The drop lead from the attic to the crawl space runs out the south gable vent and along the southwest corner rainwater downspout, alongside pre-existing (unused) DirecTV and Comcast cabling. There is a southwest corner ground wire from the roof-line DirecTV splitter that routes down the spout with that bundle of coax wiring, but the ground wire connects to a copper pipe for an outside spigot at ground level rather than to the electrical service.


The electrical service is on the southeast corner and Comcast service enters/grounds next to it. No way I can wire directly to it conveniently.



I think I will probably ground the feed off the antenna on the attic light wiring. It is the easiest to accomplish (I don't have to call the installer to cut the attic-to-crawlspace drop and add outside connectors, or buy a tool, or use twist-on outdoors) and it ensures that when the antenna is in the circuit, all of the attached and active circuitry off the downstream splitters is grounded.


I already spent several days experimenting with the antenna arrangement and signal path, so I am not interested in spending more time on it until later. In the meantime I will run an end point branch of the coax through the grounded UPS in my upstairs bedroom. The upstairs wiring is relatively stable.
 

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Even though it is not required by the NEC, I feel that it is a good precaution to ground the coax shield even for an indoor antenna. I have had three close calls with electrical shock...
I have also been directly shocked many times off full line voltage by accident. It Herz!;) (tm)
Actually it is a small miracle that I am alive at all given that once I was shocked by an ungrounded and leaking pool pump that I switched on with a metal bat-handle toggle while standing barefoot in mud. It was probably just the momentum of my moving hand, my right-handedness, and the resistance of the ground fault through a trickle of leaking chlorinated water that spared me. The belated response of the parents in the home was, "Kids, let us switch on the power because the pump is leaking and it shocks people." Yup, that fixes it!

The other times I got shocked it was my own fault for being careless while troubleshooting or wiring. Once I also stuck the metal tip of a screwdriver into a metal ceiling light box to push the wires aside and blew the tip off the screwdriver with an arc when I cut through the insulation on the wire.

The other hazard that really caught me off-guard was the old black-and-white Zenith tube TV set from the early 1960s, the one with the motorized VHF tuner switch that makes a sound like "zdit zdit zdit" while it rotates through its stops, and also with the two-prong polarized power plug that has the neutral connected to the grounded chassis(!).

That was actually legal when that TV was manufactured because there was no such thing as grounded house wiring or double insulated appliances back then and removing a knob from any of the metal control shafts exposed the 'grounded' chassis. The plug was polarized at the connectors at both ends. It had the TV side of the cord attached to the removable rear fiber board cover with a metal clip so that the integrated power cord was automatically removed with the cover for replacing tubes. Remember those?

An engineer had fitted the Zenith with a DIY composite input and signal source switch on the rear of the chassis to use the TV as a DIY monitor, and then connected the 'monitor' to a three-prong grounded computer via shielded coax.

I unknowingly reversed the polarized and chassis-connected power plug on the Zenith with an unpolarized three-to-two adapter to fit it into an ungrounded extension/splitter and make room for more plugs to hook up the Lionel trains, not realizing (nor could I even understand at that age) that the chassis of the TV was intended to be grounded to the neutral with the polarized plug. I blew a ground trace and diode off the main board of the computer.

Remember the Southwest Technical Products 6800 PC kit from the early 1970s? He had extended it from the 4K ram it shipped with to an amazing 32K with a homemade 8-slot bus-extending daughter board.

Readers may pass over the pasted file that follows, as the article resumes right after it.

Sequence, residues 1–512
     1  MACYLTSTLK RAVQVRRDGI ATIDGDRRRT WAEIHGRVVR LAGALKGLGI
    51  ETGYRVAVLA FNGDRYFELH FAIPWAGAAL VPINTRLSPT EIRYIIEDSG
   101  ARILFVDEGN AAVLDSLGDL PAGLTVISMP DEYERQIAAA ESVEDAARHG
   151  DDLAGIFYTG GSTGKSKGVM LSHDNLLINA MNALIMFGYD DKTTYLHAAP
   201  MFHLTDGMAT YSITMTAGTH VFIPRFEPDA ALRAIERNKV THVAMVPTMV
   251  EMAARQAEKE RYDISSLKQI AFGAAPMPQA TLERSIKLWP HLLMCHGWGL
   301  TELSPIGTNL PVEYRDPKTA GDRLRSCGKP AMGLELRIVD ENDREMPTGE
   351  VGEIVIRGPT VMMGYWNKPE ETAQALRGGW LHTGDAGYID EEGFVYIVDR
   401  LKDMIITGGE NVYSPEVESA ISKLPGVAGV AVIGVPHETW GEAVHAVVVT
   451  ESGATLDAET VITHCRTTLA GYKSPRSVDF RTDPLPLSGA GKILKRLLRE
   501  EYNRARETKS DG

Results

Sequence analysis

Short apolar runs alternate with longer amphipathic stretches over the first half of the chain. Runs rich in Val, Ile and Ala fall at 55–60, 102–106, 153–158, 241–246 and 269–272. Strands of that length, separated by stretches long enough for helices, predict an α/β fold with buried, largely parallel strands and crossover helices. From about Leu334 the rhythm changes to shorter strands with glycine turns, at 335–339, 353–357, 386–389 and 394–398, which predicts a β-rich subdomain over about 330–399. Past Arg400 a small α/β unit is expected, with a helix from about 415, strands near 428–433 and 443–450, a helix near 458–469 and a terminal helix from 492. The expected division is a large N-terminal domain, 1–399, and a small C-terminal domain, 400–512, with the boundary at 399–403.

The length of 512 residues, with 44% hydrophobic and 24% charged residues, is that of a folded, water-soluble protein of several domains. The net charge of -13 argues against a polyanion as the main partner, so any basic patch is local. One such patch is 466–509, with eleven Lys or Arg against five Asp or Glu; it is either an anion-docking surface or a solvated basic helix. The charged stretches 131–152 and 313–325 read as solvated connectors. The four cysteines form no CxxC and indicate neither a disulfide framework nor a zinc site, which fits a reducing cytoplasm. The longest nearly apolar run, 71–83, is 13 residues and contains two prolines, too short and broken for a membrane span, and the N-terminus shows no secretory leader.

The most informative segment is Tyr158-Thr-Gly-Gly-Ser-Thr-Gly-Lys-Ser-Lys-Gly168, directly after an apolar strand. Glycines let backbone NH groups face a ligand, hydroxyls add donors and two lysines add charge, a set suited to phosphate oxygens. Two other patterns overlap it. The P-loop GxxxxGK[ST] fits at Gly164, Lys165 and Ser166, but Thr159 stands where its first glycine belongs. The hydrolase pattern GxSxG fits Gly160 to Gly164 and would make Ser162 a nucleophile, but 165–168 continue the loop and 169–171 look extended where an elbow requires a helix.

You can see from this picture that such an extender does not fit within the case. The PC was sitting caseless and exposed on the work table. I heard the crackle and saw the flash out of the corner of my eye when the ground trace and diode vaporized.
https://en.wikipedia.org/wiki/File:SWTPC6800_open.jpg

Fortunately I did not get shocked by the wiring fault, and it was a simple repair on the main board, but it makes me wonder why an electrical engineer who should have known better would create such a hazardous DIY setup? He kept using that 'monitor' with that PC for years afterward despite the danger. SMH:rolleyes:

Thanks to all for your suggestions. I only asked because I have also gotten tickled several times off coax while attaching lines to splitters in various locales. It was not a big deal, but it was annoying and I was curious what the appropriate method would be to address it since the contractor neglected to.

Regardless of anyone's interpretation of NEC (is it really an 'indoor' antenna if the split wiring exits through both gable vents at either end of the peak and then the split wiring also runs down the exterior of the building before re-entering at a lower level?) there is a potential electrical hazard from leakage that I prefer to address proactively and appropriately. Apparently, any old ground will do, so that's my plan until I have the energy to climb up the ladder into that attic again and ground at the signal source where the connection is unlikely to be broken by future wiring changes within the living space.
PS if anyone knows how to keep an Ubuntu browser from inserting superfluous line feeds on this forum I would appreciate it. I have tired of editing every post to remove them afterward. This time I am posting with only a single carriage return and all the paragraphs are run together in the editor making it tough to read what I am composing.
I guess I will find out in a second if that formats properly...
 

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Worse I got was when I was a 23-yo Field Engineer working Oversees and got a taste of trickle leakage when checking to see if a new 440 VAC 3-phase, 150 kW circuit had yet been activated (Happy Surprise....it WAS!!! Can finally get to WORK!!!). It was raining and although I was indoors, there was enough humidity on my VOM's High Voltage Test Leads to ZAP me enough so I didn't immediately RELEASE. WOW.....nothing like 120 VAC....and I only got a small TASTE of it. Memo to Self: Next time dealing with 440 VAC, be sure to use protective GLOVES.....and ALWAYS have a BUDDY close at hand watching you!!!!